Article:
Other methods of castration for lambs and kids
A Burdizzo emasculatome is a tool that is used to crush the spermatic cord, which crushes the blood vessels, thus depriving the testicles of blood supply and causing them to shrivel up and die. The cattle-size Burdizzo should not be used to castrate lambs and kids. Each cord should be crushed separately.
There is an "All-in-One" tool that can be used to perform surgical castrations. The teeth of the All-in-One tool are used to grab the testicles after cutting off the bottom one third of the scrotum with the scissors portion of the tool.
Males should be castrated by the time they are six weeks of age, regardless of the method used. Since males castrated during their first month of age are more prone to urinary calculi, some veterinarians advocate delaying castration until after they reach puberty. If this is done, castration should be performed by a veterinarian using general anesthesia.
In the United Kingdom, veterinarians must perform all castrations in lambs over 3 months of age. Though banded lambs are most vulnerable, immunity from tetanus is recommended for all castration methods.
Disbudding (removing the horn buds of baby goats)
by Jeanne Dietz-Band and Susan Schoenian
Most goats are born with
horns, which will begin growing shortly after birth. Occasionally naturally
polled (hornless) goats will be born. Breeding two polled goats may result
in the birth of a hermaphrodite (infertile goat with both sex organs).
The purpose of disbudding is to destroy the horn cells and prevent the horns from growing. Disbudding is not the same as dehorning. Dehorning is much more involved and should be done by a large animal veterinarian.
It is common to disbud dairy goats and other goats that will be handled frequently. Horned goats that are kept in close quarters can cause injury to people, each other, and other livestock. They often get their heads stuck in feeders and fences. Some shows require market goats to be disbudded.
Meat goats are usually not disbudded. They tend to require less handling and feeding and their horns serve as a natural cooling mechanism. The decision to disbud goats is often a matter of personal preference.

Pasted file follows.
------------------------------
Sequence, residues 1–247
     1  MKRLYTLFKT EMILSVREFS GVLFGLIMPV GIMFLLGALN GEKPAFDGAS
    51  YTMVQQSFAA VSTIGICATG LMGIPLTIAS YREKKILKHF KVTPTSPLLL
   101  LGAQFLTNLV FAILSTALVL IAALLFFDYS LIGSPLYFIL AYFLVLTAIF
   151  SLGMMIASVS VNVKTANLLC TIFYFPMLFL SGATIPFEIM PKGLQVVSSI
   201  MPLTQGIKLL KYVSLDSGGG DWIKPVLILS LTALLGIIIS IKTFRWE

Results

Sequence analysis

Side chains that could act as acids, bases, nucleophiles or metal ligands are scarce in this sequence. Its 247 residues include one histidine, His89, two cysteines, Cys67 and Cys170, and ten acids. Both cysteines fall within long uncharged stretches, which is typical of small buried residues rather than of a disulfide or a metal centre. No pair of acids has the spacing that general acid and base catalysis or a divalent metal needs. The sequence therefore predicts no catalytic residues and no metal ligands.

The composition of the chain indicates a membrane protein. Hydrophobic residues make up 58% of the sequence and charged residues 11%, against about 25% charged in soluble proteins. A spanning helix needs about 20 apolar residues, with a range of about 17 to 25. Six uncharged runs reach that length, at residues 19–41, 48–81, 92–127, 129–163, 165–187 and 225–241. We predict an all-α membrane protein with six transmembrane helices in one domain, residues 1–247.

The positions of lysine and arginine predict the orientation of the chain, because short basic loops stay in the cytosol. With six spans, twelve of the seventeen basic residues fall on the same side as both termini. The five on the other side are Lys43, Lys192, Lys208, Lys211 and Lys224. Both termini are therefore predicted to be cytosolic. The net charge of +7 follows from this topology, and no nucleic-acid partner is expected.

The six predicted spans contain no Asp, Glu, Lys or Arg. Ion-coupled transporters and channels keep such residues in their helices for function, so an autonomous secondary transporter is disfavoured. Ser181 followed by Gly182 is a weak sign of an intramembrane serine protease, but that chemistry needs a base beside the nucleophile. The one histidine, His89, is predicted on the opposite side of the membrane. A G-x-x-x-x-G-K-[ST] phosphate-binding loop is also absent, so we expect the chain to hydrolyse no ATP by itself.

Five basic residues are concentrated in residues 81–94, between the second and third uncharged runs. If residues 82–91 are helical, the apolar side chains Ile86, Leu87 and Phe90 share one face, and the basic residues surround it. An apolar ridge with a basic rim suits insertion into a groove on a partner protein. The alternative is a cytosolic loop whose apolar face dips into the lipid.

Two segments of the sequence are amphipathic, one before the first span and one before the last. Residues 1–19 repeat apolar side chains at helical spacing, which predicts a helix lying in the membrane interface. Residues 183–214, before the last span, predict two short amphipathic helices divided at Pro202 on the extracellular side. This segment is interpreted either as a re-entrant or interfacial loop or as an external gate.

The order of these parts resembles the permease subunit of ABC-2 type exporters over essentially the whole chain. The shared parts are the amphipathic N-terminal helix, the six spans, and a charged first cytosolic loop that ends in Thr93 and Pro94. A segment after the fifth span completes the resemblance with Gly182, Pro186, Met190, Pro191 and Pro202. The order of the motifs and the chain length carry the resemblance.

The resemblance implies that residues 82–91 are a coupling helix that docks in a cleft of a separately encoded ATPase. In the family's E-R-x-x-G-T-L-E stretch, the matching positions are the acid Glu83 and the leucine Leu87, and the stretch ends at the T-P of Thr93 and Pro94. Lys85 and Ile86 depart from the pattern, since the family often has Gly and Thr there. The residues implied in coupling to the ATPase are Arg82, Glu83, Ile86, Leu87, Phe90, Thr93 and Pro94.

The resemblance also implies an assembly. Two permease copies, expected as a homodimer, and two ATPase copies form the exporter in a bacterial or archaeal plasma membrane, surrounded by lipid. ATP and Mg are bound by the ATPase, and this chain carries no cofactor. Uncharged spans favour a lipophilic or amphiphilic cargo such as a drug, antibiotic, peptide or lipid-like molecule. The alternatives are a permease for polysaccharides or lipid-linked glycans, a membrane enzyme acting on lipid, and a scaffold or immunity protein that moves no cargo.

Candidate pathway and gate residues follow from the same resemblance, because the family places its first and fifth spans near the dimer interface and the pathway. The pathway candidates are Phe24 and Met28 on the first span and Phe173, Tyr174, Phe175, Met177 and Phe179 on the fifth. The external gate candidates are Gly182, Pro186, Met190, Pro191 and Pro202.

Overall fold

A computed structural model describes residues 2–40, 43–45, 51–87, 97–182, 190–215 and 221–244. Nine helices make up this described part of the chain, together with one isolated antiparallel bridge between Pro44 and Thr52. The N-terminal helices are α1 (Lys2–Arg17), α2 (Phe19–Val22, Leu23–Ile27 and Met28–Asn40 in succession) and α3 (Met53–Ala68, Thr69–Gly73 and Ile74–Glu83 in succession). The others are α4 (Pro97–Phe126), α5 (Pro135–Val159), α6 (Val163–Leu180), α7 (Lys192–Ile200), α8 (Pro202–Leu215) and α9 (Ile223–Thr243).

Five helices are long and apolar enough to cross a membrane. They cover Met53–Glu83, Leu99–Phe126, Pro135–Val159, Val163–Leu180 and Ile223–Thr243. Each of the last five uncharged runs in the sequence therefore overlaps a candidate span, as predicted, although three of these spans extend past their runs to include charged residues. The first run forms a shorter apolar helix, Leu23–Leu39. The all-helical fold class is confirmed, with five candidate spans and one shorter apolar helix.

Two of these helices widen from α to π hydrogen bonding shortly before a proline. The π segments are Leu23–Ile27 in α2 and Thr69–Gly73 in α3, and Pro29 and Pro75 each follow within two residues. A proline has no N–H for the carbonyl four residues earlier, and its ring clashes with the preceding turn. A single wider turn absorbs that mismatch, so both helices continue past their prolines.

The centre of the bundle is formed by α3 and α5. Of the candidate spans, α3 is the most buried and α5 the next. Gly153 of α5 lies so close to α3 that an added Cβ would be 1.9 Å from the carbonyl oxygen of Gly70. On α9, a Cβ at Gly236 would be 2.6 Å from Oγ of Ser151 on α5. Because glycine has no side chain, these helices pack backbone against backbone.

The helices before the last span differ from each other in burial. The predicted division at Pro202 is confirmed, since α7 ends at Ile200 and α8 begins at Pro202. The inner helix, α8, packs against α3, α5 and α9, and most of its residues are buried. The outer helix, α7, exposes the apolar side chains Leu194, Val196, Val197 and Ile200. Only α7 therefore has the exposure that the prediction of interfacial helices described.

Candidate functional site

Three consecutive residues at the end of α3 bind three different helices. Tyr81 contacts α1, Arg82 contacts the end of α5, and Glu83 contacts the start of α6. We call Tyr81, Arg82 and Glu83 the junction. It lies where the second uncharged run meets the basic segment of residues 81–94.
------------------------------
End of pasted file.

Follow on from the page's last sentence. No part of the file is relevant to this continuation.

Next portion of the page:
The most common and recommended method of disbudding is with an electric disbudding iron. This is a circular iron that is placed over each horn bud. The circular tip of the iron should be about ¾ of an inch in diameter. The iron is left over the horn buds for approximately 8 to 15 seconds.
Closely follow the manufacturer's recommendations that came with the iron to be used. Wattage varies somewhat between different pieces of disbudding equipment and the amount of heat produced will determine the length of time for the procedure. Do not use an extension cord when plugging the disbudding iron into the power supply, that will compromise the iron's ability to reach optimal temperature.
The areas over and around the horn bud should be clipped prior to the iron being placed on the kid's head. Allow the heated side to cool well before putting the iron back to the kid's head to do the other side. You will see a “copper-colored" ring around the horn bud if the procedure went as it should.
The kid is usually placed in a holding box for the procedure, but a second person is needed to steady the head during the procedure. Afterwards, it is a good idea to put an anesthetic on the horn buds.
Kids should be disbudded as soon after birth as possible, usually 3 to 7 days. This varies by breed and goats. You can disbud as soon as the horn buds can be distinguished.
should seek the assistance of an experienced producer or large animal veterinarian
when disbudding for the first time.
Copyright © 2007.
Resources and additional reading
The welfare of docking and castrating
Castrating calves and lambs - Univ. of Arizona
Disbudding kid goats - is it commercially applicable?
Disbudding, Descenting, and Dehorning Goats - InfoVets
Created or last updated by Susan Schoenian on 22-Dec-2009 .